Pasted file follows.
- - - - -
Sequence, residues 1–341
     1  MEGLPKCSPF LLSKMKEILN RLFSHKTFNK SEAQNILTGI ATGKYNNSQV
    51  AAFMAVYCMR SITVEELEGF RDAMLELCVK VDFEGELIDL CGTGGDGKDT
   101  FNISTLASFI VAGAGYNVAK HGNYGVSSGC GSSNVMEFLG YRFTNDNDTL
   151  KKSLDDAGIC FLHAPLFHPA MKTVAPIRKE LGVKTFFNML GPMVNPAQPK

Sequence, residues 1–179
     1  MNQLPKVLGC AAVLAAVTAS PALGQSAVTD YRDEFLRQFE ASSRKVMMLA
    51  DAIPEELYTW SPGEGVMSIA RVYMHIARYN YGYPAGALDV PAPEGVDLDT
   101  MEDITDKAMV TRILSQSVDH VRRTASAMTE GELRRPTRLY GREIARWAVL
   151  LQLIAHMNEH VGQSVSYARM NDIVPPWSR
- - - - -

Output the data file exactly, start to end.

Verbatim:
Sequence, residues 1–341
     1  MEGLPKCSPF LLSKMKEILN RLFSHKTFNK SEAQNILTGI ATGKYNNSQV
    51  AAFMAVYCMR SITVEELEGF RDAMLELCVK VDFEGELIDL CGTGGDGKDT
   101  FNISTLASFI VAGAGYNVAK HGNYGVSSGC GSSNVMEFLG YRFTNDNDTL
   151  KKSLDDAGIC FLHAPLFHPA MKTVAPIRKE LGVKTFFNML GPMVNPAQPK

Sequence, residues 1–179
     1  MNQLPKVLGC AAVLAAVTAS PALGQSAVTD YRDEFLRQFE ASSRKVMMLA
    51  DAIPEELYTW SPGEGVMSIA RVYMHIARYN YGYPAGALDV PAPEGVDLDT
   101  MEDITDKAMV TRILSQSVDH VRRTASAMTE GELRRPTRLY GREIARWAVL
   151  LQLIAHMNEH VGQSVSYARM NDIVPPWSR